Everything You Need to Know about a Prenuptial Agreement

Everything You Need to Know about a Prenuptial Agreement

Everything You Need to Know about a Prenuptial Agreement

It is not surprising that many soon-to-be-married couples may consider exploring the possibility of a prenuptial agreement to be a risk for their relationship.

What is a prenup?

A prenup, or prenuptial agreement, is a contract in which an engaged couple claims their responsibilities and rights regarding marital and premarital assets and debts and what will happen if their marriage ends in death or divorce. Discussing a prenuptial agreement requires partners to address accrued debts,  saving and spending habits, and financial goals. It is important to note that because one of the leading causes of divorces is money issues, having these conversations before marriage may assist in building a foundation for a long-lasting and strong marriage. Experts agree that a prenuptial agreement can act as a wise marital investment because it helps outline the couple's finances and can help avoid a contentious and costly divorce when a marriage is dissolved. Our experts on premarital agreements in Orlando offer this guide to help answer your questions about prenuptial agreements.

How much do prenups cost?

They can range anywhere from $1,500 to $10,000 or more if you have an incredibly complicated estate, and a flat fee is often required for a simple agreement. Attorneys usually charge their regular hourly rate for more complicated prenuptial issues. The process may seem unnecessary, expensive, and annoying, but a well-drafted prenuptial agreement can be incredibly beneficial in the case of a divorce.

Who needs a prenup?

Prenuptial agreements may be extremely justifiable in the following circumstances. One or both parties was previously married- Individuals who were once married and suffered a bitter and extended divorce may not be willing to get married again without ensuring a secure financial future. This is particularly true in cases where a person thinks their ex-partner got a better deal in their divorce or took advantage of them.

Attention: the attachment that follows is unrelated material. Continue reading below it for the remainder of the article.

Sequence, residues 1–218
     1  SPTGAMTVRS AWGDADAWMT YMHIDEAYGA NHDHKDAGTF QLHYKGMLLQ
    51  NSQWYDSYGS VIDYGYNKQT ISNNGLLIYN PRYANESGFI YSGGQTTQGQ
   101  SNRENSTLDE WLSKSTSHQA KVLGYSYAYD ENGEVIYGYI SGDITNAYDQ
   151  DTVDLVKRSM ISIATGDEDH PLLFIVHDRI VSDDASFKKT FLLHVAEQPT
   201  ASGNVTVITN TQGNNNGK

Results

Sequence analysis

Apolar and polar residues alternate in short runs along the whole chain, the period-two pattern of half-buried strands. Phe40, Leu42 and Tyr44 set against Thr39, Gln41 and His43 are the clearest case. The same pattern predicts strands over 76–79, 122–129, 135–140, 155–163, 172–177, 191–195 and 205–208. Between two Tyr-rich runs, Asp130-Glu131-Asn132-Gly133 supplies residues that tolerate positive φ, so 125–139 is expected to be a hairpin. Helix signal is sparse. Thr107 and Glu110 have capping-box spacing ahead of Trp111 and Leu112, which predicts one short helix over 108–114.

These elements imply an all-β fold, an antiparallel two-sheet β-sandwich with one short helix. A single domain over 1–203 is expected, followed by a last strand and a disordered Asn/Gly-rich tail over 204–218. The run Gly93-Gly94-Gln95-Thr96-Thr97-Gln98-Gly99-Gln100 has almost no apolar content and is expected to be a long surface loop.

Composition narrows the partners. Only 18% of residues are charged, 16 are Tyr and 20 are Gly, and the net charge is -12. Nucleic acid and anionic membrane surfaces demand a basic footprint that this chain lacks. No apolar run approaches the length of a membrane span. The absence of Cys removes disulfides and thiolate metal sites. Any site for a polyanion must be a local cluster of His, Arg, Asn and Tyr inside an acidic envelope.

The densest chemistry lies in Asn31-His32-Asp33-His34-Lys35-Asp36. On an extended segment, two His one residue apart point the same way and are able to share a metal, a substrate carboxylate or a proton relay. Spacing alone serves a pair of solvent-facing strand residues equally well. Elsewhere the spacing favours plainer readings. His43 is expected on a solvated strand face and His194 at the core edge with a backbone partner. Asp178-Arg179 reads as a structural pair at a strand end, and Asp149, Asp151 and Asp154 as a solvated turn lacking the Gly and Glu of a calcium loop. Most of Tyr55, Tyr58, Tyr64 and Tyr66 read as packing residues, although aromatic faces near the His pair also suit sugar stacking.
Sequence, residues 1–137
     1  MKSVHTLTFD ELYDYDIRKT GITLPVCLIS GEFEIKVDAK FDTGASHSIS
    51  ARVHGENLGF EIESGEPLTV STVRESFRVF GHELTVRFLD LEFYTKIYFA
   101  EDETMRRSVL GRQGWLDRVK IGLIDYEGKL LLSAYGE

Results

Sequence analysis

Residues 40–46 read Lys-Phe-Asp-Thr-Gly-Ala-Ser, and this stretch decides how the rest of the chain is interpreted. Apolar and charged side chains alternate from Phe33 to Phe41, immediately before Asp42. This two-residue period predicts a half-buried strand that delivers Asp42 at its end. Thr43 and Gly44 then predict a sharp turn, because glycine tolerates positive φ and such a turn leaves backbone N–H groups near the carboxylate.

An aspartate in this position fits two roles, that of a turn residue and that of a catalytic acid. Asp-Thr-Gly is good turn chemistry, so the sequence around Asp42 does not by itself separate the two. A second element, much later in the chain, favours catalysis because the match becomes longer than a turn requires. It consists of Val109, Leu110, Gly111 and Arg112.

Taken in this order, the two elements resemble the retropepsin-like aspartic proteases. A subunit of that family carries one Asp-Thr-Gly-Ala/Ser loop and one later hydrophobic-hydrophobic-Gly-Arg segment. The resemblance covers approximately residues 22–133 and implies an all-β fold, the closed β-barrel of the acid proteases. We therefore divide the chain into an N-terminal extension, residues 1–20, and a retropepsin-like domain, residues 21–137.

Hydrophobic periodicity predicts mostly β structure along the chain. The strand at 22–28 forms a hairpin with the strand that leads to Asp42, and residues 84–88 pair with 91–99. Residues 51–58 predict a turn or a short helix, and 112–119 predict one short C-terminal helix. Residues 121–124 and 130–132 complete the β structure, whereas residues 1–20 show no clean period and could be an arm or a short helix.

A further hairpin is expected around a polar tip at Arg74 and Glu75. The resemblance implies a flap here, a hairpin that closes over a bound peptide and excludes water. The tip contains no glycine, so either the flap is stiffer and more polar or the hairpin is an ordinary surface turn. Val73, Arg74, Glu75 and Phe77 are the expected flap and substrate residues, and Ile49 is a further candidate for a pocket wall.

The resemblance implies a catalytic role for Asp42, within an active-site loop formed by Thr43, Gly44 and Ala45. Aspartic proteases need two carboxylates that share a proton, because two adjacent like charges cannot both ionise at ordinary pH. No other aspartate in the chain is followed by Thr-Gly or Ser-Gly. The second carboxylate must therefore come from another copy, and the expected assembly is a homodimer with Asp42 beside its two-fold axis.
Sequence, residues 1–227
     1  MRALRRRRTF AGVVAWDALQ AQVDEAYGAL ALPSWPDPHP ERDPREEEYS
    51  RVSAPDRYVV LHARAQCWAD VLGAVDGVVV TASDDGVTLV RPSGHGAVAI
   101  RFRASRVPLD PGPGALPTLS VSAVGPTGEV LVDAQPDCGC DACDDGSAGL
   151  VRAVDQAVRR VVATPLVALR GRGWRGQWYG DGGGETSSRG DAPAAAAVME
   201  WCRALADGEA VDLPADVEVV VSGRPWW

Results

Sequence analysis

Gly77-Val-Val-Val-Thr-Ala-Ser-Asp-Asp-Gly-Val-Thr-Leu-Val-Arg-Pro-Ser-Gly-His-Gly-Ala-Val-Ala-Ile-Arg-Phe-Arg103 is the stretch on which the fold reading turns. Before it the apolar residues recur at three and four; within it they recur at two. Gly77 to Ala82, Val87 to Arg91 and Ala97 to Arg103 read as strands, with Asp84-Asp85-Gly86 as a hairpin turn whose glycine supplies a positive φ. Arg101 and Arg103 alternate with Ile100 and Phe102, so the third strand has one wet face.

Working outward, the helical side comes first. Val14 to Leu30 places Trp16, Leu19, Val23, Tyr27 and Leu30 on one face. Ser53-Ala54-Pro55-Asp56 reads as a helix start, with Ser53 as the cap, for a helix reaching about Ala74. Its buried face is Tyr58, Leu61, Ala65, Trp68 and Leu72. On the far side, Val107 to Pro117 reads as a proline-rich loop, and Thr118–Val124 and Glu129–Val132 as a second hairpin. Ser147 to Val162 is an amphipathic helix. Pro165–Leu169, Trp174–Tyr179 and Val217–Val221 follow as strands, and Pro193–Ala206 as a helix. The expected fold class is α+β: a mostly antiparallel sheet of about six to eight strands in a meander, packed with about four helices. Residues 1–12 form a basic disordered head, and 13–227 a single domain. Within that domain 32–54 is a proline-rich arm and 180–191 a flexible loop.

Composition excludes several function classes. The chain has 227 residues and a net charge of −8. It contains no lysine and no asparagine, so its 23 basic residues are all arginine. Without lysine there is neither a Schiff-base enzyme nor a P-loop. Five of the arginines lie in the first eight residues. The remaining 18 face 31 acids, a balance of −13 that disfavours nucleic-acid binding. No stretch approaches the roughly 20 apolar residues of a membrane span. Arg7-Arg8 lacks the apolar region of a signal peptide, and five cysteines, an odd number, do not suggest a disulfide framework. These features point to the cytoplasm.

There are children involved- In many situations, individuals choose to protect their children's financial interests. A prenup can help ensure that premarital assets remain separated and allow the individual to create a will or living trust to provide for their offspring in case of their death. In addition, premarital agreements can often prevent battles over wills once a parent dies.

One party is wealthy- Prenups are often requested when one party is more affluent. A person who marries into money may see their lifestyle significantly improve, which without a prenuptial agreement can create certain rights for property division and spousal support in the case of a divorce. On the other hand, many people believe a prenup ensures that a person is not marrying you for your money.

One party has a lot of debt- Premarital debts are generally required to be paid by whoever incurred them. However, marital debts can often be separated between spouses, causing a disadvantage for the non-debtor. If an individual has a habit of spending money and the person they are marrying does not want to be responsible for the debt they incur during their marriage, a prenup can help protect them. A prenuptial agreement can require that one spouse's premarital debts are not paid from any joint community property during the marriage. Creditors can often find ways to collect premarital debts from common assets if a prenup is not in place.

One or both parties own a business- If you own a company before marriage, a prenup can be sensible because divorce often destroys family businesses. In addition, if your business is owned with other people, your divorce may impact their share of the company. A prenuptial agreement allows the party to have complete control over managing their business now and in the future. If one spouse has built a business before the marriage, they may choose to limit their partner from having any interest in the company during their marriage.

These are just a handful of the reasons people draft premarital agreements in Orlando. Contact us today to learn more about the options available to you.

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